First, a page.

By Tina Jepson
Creating physical supports for your garden vegetables is an essential duty of any backyard gardener. But for some plants, a simple stick in the ground isn’t going to do much. Indeed, using plant supports requires knowledge about your plant’s root system as well as the plant’s maximum growing height and width.
Building and/or using supports for backyard gardens is all about trial and error. For instance, the first year I grew tomatoes, I used traditional tomato cages. In what felt like no time at all, my plants were cascading over the top of each cage. What did I do wrong? First, I didn’t trim the tomato suckers properly (rookie mistake). And second, my tomatoes were indeterminate, and would have done better with a different staking method.
What does all this mean for your vegetable garden? Simply put, you need to understand your plants before you start staking them. Truth be told, there really is a lot at stake (pun intended, of course) if you don’t do it the right way.
Here are some easy methods to help give your plants the support they need to produce a bounty this summer.
1. Stick 'em up!
It’s amazing just how great a basic stick in the ground is for many, if not most, vegetable plants. The best part is that stakes are remarkably effective and affordable. Check out your local home improvement stores and you’ll find a pack of six 7-to-10-foot hardwood stakes costs between $5-$10.
For a natural look, go with wood or bamboo. If you live in a wind-prone area, consider rebar.
Use a rubber mallet to drive a stake for each plant into the ground at least 1 or 2 feet. Then tie your plant with a relaxed knot to the stake. I’ve found that hemp twine works well. As the plant grows, adjust your ties as needed.
Pro tip: Consider height before buying stakes. You want the stake to be as tall as your plant.
Cucumbers, hops, and some varieties of peas grow extraordinarily well with a trellis support system. Trellises are often made with either string or wood and their shape allows the plant to snake upwards. Without a trellis, your bounty could be left on the floor of your garden bed.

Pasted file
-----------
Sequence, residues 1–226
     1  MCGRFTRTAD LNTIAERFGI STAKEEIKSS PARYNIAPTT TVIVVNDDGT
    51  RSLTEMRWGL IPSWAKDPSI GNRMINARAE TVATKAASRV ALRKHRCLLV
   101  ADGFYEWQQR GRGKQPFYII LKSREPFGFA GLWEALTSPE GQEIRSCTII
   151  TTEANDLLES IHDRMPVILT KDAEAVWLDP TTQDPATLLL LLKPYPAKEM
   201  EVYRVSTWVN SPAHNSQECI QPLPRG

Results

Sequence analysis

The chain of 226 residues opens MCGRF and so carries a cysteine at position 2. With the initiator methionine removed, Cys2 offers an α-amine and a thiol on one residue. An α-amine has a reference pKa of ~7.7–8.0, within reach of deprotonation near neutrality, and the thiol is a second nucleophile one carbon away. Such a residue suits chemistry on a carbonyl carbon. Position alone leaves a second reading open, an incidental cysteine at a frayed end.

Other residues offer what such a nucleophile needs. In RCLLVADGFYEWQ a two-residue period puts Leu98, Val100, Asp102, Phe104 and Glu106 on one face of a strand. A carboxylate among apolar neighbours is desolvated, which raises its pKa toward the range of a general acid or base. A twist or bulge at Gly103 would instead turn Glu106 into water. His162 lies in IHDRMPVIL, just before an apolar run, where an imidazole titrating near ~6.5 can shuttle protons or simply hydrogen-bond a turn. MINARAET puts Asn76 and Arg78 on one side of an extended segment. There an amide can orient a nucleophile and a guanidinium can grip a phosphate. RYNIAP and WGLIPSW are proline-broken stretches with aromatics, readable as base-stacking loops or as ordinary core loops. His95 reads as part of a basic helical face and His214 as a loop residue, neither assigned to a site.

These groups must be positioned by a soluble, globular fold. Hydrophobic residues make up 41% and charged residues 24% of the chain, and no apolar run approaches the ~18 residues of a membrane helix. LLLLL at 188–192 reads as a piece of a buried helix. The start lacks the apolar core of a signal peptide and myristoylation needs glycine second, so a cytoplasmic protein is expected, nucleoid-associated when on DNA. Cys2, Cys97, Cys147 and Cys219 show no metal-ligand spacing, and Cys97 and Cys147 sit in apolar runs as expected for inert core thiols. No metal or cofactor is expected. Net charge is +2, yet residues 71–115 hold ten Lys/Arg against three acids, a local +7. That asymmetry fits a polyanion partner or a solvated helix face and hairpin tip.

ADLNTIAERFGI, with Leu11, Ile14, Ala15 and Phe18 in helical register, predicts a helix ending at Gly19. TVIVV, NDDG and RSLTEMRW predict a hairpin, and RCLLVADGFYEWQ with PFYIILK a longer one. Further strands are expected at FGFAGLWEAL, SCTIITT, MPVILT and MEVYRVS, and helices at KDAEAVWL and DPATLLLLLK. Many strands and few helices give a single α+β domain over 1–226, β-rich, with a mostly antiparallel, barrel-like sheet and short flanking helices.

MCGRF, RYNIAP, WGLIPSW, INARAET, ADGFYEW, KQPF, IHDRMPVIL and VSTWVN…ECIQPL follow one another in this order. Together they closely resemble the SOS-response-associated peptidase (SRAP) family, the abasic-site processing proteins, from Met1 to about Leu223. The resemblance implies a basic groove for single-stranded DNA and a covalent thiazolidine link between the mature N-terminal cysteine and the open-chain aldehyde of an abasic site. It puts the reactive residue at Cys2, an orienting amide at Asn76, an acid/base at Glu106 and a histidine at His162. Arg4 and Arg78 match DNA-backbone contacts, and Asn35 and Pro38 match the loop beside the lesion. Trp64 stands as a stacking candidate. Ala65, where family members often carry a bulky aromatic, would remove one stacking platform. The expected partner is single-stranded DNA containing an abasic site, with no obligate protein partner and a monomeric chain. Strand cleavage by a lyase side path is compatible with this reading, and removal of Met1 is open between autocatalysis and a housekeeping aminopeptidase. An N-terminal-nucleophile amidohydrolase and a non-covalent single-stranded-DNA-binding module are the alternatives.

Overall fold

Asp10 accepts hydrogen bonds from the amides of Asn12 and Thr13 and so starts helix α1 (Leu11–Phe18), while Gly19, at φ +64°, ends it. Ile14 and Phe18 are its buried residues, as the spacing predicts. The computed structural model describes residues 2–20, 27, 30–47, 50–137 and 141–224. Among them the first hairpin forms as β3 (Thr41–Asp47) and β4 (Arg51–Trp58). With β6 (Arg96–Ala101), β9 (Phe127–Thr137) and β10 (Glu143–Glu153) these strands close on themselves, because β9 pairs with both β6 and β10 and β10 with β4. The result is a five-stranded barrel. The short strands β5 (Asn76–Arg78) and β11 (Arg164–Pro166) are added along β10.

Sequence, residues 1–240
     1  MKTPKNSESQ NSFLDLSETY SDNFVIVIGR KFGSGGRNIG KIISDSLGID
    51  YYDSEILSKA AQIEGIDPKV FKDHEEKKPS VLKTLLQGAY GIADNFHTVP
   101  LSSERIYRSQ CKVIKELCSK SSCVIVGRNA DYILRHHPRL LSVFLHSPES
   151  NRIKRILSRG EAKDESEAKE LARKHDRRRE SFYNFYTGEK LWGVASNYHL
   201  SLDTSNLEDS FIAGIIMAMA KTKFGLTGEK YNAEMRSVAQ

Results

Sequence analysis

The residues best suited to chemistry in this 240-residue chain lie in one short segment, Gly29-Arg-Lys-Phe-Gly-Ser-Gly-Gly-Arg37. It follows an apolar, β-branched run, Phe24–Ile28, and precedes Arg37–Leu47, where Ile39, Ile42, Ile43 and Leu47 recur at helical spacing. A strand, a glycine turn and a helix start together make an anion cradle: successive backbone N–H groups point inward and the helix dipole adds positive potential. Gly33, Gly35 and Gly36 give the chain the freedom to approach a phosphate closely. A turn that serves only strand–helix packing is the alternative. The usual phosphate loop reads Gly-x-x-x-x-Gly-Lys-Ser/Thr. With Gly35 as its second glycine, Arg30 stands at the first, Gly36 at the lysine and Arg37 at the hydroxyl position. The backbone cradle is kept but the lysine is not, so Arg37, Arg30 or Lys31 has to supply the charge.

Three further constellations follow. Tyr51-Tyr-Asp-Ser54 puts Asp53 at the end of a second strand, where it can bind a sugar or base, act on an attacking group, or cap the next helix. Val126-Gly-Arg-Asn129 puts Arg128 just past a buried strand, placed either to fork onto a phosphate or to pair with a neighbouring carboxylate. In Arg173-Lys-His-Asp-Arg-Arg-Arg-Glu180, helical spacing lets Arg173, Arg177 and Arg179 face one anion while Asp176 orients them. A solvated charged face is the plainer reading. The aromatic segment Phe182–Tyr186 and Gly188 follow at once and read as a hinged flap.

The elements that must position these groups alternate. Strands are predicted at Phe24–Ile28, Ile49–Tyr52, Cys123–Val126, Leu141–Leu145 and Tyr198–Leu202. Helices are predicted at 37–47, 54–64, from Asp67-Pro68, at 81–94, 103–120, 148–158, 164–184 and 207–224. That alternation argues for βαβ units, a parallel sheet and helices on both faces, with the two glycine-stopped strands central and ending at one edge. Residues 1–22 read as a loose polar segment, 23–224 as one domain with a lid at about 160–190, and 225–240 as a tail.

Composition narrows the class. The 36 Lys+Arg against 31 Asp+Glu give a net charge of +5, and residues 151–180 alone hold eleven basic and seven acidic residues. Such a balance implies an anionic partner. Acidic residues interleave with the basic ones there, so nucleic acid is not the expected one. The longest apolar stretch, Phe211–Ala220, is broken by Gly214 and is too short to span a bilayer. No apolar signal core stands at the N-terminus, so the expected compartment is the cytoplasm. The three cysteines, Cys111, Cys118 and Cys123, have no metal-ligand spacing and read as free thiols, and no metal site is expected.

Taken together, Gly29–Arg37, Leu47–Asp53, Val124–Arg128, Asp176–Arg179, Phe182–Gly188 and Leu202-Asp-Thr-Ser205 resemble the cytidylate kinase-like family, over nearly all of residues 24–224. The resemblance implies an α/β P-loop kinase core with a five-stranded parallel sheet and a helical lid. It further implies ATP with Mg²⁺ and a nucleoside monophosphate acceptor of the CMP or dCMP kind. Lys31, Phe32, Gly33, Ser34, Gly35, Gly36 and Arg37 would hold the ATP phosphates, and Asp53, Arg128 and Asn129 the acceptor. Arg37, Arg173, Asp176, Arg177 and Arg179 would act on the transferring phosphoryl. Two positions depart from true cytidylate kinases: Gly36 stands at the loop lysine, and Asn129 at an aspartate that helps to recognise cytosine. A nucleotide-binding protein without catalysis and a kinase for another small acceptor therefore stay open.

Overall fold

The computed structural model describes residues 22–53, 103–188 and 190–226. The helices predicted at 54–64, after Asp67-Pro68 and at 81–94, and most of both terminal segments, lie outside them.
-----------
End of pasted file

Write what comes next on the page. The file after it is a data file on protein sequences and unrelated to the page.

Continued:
To build a simple, super cheap string trellis, drive a stake into the ground. Instead of a wooden stake, I used a regular plant support with prop ring. Then wrap twine around the stake (again, I’m using hemp but you can use any garden twine) fanning it up and outward. Pull tight and attach the ends to a fence or a solid wood structure.
Pro tip: Try to have your trellis in place before your plants go into the ground for less interference.
3. The Teepee/Tripod Method
The teepee/tripod method of supporting plants uses many stakes to form what resembles a tee-pee. If you’re not into the aesthetics of a trellis, then consider a teepee for your vining plants.
I used a bamboo tripod in the past for my beans and it was an effective way to support the plant.
Building a garden teepee couldn’t be easier! Purchase or find recycled pieces of wood. You need around three to five stakes per plant. The ones I used here are just spare 1-inch-by-2-inch-by-8-foot wood pieces that were part of an elaborate wooden trellis from last year’s garden. Arrange the sticks in the desired shape and secure with twine.
Pro tip: To add extra support, it’s important to interlace the twine between and through each stake, forming a ladder.
Garden cages and boxes really aren’t the “lazy” option, I swear! Actually, they work great at keeping plants upright and ensuring any gardener can reach in and grab the fruits and vegetables as they ripen. Most cages and boxes are made of galvanized steel, so they don’t rust.
The investment for these supports is a bit higher than the DIY options mentioned above. However, most gardeners reuse them year after year without issue.
Pro tip: Help your plant out by carefully arranging the branches and fruit as it grows.
No matter which option you choose to run with this year, remember to think about your plant’s growth before making a decision. You want a structure that adequately supports your plant and its fruit. You also need to access the plant easily, not just for harvesting, but for pruning and insect inspections.
These are just some of the few ways that you can support your garden plants. What is your favorite way to stake your plants?
Images used with permission, courtesy of Tina Jepson